Farmers’ markets are great destinations to kickstart cycling for both newbies and regular cyclists. Cycling is irresistible when the air is warmer. Since we live in balmy Vancouver, we cycle year-round.
But so far, our farmers’ markets are only around like most places in Canada –during growing and harvest seasons. But this may change. Read on.
This year there will be more new farmers’ markets at more new locations to meet the public’s clamouring demand. Tara MacDonald, Executive-Director for Vancouver’s Farmers’ Markets,
indicated there have been up to 12,000 people per week for all markets. Last year a market was established at Thornton Park, wedged in between the rail-bus station and the Skytrain Main Station. Now there is a waiting list of farmers and vendors for this location.
With this wave of sustained enthusiasm, one wonders if there will be matching bike valet parking lots for all city farmers’ markets. Last year at the Main Station farmers’ market, there was no bike valet parking. It definitely was difficult to find a place to lock up several bikes. If you were shopping solo, you had to walk your bike amongst the tight crowds.
With discussions now under way with the City of Vancouver, there is
a plan to have 4 different year-round farmers’ markets. Let’s hope there will be bike valet parking too. It would relieve problems of car parking and traffic congestion. Already this past weekend at Trout Lake farmer’s market, many enthusiastic cyclists were wheeling up with their children and leaving with panniers and baskets full of goodies.
Hungry after viewing Trout Lake farmers’ wares and our hilly bike ride, we cycled over to the ever popular gourmet pastry and sandwich café, Thomas Haas Patisserie. Usually we have to hunt down for adequate bike rack parking. By the time we get there, the bike racks are nearly jammed full.
Thankfully it was warm enough we could sit outside at the front of the restaurant for lunch while we kept a watchful eye on our bikes as we dug into our warm panini sandwiches and elegant cakes.
In the City of Vancouver, there are many restaurants and cafes near bike routes. Some restaurants do have a few nearby bike racks while other places do not have anything to lock up a bike. When cycling for transportation grows, the demand for this basic and necessary cycling facility grows also. Among regular cyclists, it is a glaring omission where often cyclists just give up,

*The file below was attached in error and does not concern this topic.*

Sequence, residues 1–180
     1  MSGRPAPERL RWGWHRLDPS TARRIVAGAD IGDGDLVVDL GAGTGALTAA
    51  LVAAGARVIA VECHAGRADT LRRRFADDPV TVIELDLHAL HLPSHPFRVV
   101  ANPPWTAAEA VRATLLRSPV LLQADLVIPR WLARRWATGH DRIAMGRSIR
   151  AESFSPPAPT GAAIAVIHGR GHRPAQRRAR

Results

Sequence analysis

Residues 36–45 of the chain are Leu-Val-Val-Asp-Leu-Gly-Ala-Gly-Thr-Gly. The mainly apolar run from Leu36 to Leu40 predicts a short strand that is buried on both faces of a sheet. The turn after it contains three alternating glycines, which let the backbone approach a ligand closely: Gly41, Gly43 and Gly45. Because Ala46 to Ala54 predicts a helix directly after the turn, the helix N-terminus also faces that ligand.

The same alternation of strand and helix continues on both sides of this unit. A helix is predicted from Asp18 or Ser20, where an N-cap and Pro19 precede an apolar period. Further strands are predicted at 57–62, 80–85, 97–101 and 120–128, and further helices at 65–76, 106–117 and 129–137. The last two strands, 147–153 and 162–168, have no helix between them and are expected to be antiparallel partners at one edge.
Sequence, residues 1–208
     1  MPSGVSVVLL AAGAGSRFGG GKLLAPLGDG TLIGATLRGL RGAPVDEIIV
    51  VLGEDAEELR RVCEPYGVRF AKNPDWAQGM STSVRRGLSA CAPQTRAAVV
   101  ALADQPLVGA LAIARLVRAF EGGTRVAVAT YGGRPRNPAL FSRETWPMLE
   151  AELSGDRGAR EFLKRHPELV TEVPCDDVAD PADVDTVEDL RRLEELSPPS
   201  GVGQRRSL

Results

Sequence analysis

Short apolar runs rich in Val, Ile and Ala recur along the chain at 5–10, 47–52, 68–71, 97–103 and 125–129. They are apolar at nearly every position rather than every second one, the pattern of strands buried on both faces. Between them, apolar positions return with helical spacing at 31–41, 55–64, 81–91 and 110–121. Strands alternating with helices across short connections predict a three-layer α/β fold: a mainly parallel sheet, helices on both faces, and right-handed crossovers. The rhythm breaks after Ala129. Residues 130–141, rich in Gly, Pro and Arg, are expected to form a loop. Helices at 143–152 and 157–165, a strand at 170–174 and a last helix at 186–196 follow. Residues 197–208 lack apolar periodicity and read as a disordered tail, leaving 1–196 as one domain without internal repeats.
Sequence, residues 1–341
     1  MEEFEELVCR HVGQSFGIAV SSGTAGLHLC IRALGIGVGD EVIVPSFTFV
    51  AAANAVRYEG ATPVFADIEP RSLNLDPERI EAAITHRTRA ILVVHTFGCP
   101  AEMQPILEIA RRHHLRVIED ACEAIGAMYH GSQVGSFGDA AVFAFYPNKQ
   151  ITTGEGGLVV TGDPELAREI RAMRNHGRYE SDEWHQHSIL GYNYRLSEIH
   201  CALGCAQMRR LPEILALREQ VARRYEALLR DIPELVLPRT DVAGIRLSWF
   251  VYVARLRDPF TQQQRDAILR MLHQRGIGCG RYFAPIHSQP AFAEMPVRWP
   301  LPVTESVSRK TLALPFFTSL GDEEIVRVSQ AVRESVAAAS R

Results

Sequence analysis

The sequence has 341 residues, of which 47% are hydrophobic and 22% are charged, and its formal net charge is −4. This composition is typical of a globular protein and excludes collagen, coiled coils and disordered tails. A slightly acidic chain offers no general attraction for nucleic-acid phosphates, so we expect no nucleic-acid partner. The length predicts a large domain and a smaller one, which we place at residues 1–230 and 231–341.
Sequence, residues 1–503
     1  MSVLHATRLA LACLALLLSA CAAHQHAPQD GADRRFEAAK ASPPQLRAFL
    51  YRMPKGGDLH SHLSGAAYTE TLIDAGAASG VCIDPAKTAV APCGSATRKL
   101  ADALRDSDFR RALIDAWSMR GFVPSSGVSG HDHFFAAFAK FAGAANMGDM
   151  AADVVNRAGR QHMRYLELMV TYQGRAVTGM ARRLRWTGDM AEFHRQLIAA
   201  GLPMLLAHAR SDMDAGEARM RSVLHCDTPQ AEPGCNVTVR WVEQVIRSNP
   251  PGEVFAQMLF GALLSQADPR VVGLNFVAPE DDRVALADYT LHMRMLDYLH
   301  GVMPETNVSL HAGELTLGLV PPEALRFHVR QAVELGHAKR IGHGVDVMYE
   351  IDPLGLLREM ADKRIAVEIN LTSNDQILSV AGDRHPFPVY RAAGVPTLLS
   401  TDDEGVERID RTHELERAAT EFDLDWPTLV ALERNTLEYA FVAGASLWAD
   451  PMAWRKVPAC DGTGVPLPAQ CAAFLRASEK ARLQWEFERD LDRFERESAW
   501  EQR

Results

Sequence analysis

take their bikes and money elsewhere.
In fact, in one international women’s cycling forum where I hang out, there was popular support for creating a blog where members could rate restaurants not only for their food , but also if the restaurant catered to meet needs of cyclists.
Rather than complain about loss of customers whenever there is a bike lane, storefront restauranteurs and business owners should redirect their tactics to provide street facilities to attract a much broader range of customers who use non-car transport. After all, such customers will not have the convenience of rushing off in a car.
As casual foodies and cyclists, we appreciate Haas, a master pastry chef who himself is a cyclist. One can buy cycling jerseys emblazoned with his chocolate-coloured business brand. Several years ago, Haas generously provided a brief tour of his bakery kitchen for Jack’s son, a budding young chef. Haas’ gourmet desserts fall in the fine German baking tradition, so loved by Becker. No wonder, after all they come from the same part of southern Germany where fine food is the plate of the day.
Haas has thought of cyclists as potential customers. We just think that to meet growing public appetite for cycling and his delectable desserts and sandwiches, he might want to consider how to ensure even more cyclists can drop by with their bikes safely tucked away.
City of Vancouver, BC. Engineering Services. Bike Rack. Link provides phone number and bike rack application form for businesses.
Shore, Randy. Farmer’s Markets: A Bond Between People and the Market. In Vancouver Sun, May 21, 2010.